India: An odyssey to winning the space race

Also, download this story from the electronic issue here

As it boosts its home-grown space technology capabilities, India has become the fourth country in the world to have launched a rocket to the moon, says Angelica Buan. All this bodes well for the country and preceding aerospace sectors, notwithstanding criticisms from home and abroad on money being channelled to sources other than aid to assist more than 270 million of its people who live below the poverty line.

India's quest to conquer space

India, a dark horse in the first world country-dominated space race may soon disrupt the hierarchy. It recently made headlines when it launched the Chandrayaan 2 lunar mission from Sriharikota, showcasing homegrown technologies, from the rocket and the orbiter to the lander (Vikram) and the robotic solarpowered rover (Pragyan).

The US$1 billion-project is the first space mission to conduct a soft landing, on the Moon’s South Polar Region, where a larger section of its surface stays in the shadow, according to the Indian Space Research Organisation (ISRO). In 2008, its predecessor had found evidence of water as well as detected magnesium, aluminium and silicon on the surface. It is expected to make a soft landing in September, and if successful, will make India the fourth country to conquer the moon.

Vast opportunities in global space industry

The global interest in space economy is growing. From Apollo 11 to Tesla’s Space X missions, space exploration underscores global aspiration for a burgeoning space economy.

Based on US-headquartered Space Foundation’s 2019 report, the global space economy grew 8.1 % in 2018 to nearly US$415 billion. Launches in 2018 also jumped 46% compared to the number of launches in the 1990s.

According to a Research and Markets report, the demand for nanosatellites and reusable launch vehicle systems is anticipated to be driven by huge investments made by countries like US, China and Russia in the development of next generation satellite systems; as well as the large-scale procurement of such systems by countries like Saudi Arabia, Japan, South Korea, and India.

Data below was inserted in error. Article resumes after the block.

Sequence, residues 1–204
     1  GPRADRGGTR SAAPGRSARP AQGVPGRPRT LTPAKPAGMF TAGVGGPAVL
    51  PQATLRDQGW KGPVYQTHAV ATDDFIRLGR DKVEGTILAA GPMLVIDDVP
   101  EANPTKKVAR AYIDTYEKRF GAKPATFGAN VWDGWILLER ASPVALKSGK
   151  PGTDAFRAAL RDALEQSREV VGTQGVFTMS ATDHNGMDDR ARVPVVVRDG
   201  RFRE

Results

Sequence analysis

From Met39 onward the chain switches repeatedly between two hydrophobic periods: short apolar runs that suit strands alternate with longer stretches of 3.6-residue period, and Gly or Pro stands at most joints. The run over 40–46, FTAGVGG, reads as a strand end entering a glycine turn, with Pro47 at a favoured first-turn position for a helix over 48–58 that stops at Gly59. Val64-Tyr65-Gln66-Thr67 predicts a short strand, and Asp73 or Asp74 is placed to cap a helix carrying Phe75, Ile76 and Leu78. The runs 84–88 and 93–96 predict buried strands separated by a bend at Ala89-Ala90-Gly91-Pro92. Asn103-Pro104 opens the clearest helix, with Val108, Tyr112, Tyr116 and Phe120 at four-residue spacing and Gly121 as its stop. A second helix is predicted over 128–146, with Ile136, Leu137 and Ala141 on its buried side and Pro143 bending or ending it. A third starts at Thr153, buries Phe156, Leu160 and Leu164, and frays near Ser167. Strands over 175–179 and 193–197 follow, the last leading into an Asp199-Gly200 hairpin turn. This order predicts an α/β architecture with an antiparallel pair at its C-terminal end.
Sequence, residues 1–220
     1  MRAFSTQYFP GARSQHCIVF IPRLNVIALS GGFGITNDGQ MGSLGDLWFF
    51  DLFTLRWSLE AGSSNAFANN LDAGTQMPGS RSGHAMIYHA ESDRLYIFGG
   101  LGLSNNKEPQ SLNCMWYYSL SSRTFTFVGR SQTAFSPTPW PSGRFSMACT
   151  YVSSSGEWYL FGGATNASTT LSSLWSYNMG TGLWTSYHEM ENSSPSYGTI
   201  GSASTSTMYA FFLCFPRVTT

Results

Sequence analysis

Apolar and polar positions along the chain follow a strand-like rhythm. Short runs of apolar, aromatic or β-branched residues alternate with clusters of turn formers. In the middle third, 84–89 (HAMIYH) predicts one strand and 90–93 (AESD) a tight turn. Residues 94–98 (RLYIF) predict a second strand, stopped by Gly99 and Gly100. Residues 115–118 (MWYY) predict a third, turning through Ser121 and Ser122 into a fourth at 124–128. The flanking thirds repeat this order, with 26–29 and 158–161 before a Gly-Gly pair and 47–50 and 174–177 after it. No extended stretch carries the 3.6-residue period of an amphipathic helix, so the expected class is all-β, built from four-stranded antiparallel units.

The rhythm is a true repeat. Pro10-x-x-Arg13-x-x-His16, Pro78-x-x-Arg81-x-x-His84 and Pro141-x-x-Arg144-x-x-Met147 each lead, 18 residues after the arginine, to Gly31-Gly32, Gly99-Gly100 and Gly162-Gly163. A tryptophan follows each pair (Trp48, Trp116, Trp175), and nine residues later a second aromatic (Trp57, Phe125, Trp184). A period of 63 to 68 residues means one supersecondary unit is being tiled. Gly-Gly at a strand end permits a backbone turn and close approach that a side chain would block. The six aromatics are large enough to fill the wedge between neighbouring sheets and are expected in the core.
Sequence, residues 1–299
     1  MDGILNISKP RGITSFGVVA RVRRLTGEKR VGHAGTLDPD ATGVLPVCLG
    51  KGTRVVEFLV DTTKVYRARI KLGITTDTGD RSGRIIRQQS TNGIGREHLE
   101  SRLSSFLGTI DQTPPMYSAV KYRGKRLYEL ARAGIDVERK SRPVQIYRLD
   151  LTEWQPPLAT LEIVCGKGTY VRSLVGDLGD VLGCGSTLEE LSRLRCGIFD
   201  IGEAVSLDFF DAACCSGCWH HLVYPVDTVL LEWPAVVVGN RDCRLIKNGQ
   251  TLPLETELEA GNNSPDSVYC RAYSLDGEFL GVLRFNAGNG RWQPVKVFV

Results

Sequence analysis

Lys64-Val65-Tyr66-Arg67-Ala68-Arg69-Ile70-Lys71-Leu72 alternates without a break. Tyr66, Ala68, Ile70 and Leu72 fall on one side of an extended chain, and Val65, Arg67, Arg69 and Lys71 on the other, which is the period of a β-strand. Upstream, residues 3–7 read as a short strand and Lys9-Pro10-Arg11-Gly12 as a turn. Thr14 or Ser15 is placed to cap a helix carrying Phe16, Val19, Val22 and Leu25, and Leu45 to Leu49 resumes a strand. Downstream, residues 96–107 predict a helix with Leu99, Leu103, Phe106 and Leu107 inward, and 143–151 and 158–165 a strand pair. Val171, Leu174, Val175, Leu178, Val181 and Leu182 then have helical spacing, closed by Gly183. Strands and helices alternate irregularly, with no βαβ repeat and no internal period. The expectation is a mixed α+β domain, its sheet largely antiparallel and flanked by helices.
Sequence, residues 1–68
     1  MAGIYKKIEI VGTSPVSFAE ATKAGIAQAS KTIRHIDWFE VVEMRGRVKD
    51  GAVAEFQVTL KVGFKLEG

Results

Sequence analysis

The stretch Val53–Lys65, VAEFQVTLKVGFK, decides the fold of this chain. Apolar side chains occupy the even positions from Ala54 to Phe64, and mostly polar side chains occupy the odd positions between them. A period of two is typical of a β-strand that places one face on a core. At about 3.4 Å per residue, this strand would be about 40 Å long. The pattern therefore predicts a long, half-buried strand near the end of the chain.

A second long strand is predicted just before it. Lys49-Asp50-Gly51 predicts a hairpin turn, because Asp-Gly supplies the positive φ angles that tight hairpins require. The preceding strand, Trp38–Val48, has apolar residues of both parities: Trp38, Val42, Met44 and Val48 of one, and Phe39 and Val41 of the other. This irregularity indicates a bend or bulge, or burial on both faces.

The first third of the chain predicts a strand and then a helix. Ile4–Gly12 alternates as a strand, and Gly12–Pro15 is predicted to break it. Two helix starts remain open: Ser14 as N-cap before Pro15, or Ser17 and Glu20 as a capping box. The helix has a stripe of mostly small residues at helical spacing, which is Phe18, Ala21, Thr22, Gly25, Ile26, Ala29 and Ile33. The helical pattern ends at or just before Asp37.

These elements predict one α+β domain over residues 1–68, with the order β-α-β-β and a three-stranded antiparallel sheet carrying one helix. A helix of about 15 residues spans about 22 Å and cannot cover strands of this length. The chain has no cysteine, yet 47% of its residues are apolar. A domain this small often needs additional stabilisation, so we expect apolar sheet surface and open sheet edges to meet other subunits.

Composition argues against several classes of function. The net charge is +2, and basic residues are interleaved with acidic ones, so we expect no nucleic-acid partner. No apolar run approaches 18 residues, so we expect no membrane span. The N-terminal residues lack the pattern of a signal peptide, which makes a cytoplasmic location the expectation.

The global space industry has offered golden opportunities for a number of sectors, including IT hardware, telecommunications and beyond the aerospace and defence, according to data published by US financial services company Morgan Stanley, which also projected the global space industry to cross US$1 trillion by 2040.

Expanding space footprint

Ranked the 11th largest economy in the world in 2013, India aims to leapfrog to the sixth spot in 2020 by honing in on globally competitive industries.

Under the Government’s Make in India policy, the space industry is getting a boost, building on the country’s technological capabilities. According to India Brand Equity Foundation (IBEF), India ranks third among the most attractive investment destinations for technology transactions in the world – for example, in the establishments and operations of satellites, up to 100% Foreign Direct Investment (FDI) is allowed.

India is also fifth among top countries in the field of space exploration. It has already acquired expertise in constructing lunar probes, satellites and other space equipment. As well, it has shuttled foreign satellites into space, and has reached and orbited Mars in 2017 with the Mars Orbiter Mission (MOM), ISRO’s first interplanetary Martian mission. As a result of these achievements, the space sector would get plum allocations from the annual union budget, reportedly 15.6% up from a year ago.

At the helm of the space programme mission is ISRO. Formed in 1969, ISRO has become one of the six largest space agencies in the world. The agency also maintains one of the largest fleet of communication satellites (INSAT) and remote sensing (IRS) satellites.

Part of ISRO’s functions is to licence technologies, such as multi-layer printed antenna technology and DDV 100 resin system, to industries for commercialisation.

As well, several technologies have been identified for know-how transfer from ISRO, including the various types of adhesives and polymers, silica fibre and granule material, ceramics, pressure transducers, liquid level detectors, temperature sensors, silver plating and thermal control coating techniques, ground penetration radar, elastic Raman Lidar, lower atmospheric wind profiling radar, and more.

Boon for start-ups

India’s space ambitions open up opportunities for local start-ups that produce aerospace technologies such as rockets, nanosatellites, propulsion systems, and others.

Among the budding enterprises active in the space technology field include Bengaluru-based Bellatrix Aerospace that manufactures a nano-satellite launch vehicle, of an all-carbon composite construction, where the first stage is designed for reuse and which uses liquid methane as fuel.